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Justice Department opens investigation into Ford’s emissions testing practices

The automaker voluntarily disclosed the matter of potential emissions miscalculations

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Ford is under investigation by the U.S. Securities and Exchange Commission (SEC) over the testing practices it uses to calculate diesel emissions. In its first-quarter financial report, Ford said the probe “currently focuses on issues relating to road load estimations, including analytical modeling and coastdown testing."

In an effort to preemptively distance itself from comparisons to Volkswagen’s “Dieselgate” scandal, the automaker noted that the investigation "does not involve the use of defeat devices.” Rather, it involves the potential issue of miscalculations made during the testing process.

The investigation stems from "overstated" fuel mileage on a "large number" of models, according to the regulatory filing. Back in February, Ford launched its own investigation into its emissions testing practices after employees noticed inconsistencies in results.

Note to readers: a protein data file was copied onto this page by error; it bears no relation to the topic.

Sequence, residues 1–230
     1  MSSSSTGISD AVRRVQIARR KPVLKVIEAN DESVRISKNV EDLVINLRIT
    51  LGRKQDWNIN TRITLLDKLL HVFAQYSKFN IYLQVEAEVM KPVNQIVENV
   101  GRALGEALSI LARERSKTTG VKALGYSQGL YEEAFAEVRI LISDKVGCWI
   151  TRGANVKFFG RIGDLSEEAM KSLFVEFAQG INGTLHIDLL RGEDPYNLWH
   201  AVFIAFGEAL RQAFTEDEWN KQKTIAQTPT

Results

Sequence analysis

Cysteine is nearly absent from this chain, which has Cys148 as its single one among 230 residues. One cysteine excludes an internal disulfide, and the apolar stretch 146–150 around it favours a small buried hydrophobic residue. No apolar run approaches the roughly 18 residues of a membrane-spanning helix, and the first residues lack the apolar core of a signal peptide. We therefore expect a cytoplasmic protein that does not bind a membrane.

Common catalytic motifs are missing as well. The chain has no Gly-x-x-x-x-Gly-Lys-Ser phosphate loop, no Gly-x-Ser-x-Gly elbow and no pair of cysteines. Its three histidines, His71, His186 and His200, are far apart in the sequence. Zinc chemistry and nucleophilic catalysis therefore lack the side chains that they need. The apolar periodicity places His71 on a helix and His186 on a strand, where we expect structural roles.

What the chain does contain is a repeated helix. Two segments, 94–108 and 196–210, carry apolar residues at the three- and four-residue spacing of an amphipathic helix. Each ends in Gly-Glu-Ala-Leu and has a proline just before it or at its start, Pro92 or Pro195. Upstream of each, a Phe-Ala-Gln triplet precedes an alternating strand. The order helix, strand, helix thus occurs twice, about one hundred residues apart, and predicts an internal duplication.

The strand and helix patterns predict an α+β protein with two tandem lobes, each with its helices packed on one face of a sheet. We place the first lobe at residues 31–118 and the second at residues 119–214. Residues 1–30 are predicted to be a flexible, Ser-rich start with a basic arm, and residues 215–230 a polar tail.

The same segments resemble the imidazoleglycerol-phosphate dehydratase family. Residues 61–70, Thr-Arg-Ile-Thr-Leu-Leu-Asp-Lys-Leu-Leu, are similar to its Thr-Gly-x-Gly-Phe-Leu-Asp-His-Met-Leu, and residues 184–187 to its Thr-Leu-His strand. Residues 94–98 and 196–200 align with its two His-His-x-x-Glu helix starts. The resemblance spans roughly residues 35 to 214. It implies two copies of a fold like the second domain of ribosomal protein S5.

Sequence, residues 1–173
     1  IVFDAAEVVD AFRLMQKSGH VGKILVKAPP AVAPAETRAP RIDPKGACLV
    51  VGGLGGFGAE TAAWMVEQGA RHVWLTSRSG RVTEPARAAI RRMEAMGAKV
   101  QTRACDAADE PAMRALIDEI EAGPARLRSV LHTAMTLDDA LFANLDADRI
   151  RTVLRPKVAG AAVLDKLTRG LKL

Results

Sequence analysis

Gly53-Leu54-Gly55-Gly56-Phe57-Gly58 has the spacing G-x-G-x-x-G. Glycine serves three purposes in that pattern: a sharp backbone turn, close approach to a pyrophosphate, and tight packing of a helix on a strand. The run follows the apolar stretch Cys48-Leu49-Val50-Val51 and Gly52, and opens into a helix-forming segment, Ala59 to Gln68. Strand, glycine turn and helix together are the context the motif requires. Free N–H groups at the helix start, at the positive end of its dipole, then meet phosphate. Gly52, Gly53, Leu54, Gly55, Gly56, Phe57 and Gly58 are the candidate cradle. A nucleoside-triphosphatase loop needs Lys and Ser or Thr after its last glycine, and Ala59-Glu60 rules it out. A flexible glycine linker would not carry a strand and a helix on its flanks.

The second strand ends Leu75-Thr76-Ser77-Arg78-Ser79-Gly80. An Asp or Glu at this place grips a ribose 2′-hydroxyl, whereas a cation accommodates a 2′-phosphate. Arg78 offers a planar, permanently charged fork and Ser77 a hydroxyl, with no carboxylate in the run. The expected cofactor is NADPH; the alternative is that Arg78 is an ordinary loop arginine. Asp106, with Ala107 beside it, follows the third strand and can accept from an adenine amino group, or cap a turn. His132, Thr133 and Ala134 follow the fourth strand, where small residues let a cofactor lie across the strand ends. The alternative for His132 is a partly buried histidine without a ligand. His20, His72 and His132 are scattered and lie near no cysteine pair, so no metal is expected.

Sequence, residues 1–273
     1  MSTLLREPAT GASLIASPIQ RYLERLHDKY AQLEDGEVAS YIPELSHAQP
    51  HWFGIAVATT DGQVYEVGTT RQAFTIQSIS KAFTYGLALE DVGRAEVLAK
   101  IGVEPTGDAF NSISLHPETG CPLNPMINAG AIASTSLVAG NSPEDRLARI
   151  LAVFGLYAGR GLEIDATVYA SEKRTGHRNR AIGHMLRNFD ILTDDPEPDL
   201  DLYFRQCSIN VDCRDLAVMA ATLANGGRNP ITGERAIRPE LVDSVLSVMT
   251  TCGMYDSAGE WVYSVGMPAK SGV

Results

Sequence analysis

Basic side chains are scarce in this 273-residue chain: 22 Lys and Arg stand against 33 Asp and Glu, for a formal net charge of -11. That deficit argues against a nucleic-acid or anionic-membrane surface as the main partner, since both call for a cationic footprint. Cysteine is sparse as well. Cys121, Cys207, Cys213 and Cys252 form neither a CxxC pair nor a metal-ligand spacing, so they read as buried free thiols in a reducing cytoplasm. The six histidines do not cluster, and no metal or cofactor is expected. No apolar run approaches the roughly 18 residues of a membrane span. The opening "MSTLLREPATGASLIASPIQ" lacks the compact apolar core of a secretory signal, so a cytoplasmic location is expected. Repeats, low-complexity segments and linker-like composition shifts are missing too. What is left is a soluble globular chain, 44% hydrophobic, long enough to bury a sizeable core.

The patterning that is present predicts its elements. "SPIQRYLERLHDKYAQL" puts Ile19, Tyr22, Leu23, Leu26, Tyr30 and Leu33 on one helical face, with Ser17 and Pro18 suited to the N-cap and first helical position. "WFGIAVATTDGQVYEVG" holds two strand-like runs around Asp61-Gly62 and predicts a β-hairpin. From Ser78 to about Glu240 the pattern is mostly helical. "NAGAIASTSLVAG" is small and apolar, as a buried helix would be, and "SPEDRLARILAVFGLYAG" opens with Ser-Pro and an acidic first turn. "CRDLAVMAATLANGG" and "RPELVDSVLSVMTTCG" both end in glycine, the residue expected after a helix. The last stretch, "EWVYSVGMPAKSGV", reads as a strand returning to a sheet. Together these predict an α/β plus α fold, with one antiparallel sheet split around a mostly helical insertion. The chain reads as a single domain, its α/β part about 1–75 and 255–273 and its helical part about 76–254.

"We voluntarily disclosed this matter to the EPA and the California Air Resources Board [CARB] on February 18, 2019 and February 21, 2019, respectively," Ford said in the report. The Justice Department then "opened a criminal investigation into the matter.”

“In addition, we have notified a number of other state and federal agencies,” the automaker said. “We are fully cooperating with all government agencies. Because this matter is still in the preliminary stages, we cannot predict the outcome, and we cannot provide assurance that it will not have a material adverse effect on us."

While Ford has self-reported its potential emissions miscaluations, the SEC has accused Volkswagen of deliberately concealing its emissions scheme. Daimler, the parent company of Mercedes-Benz, and Fiat Chrysler have also faced criminal investigations over the use of defeat devices.

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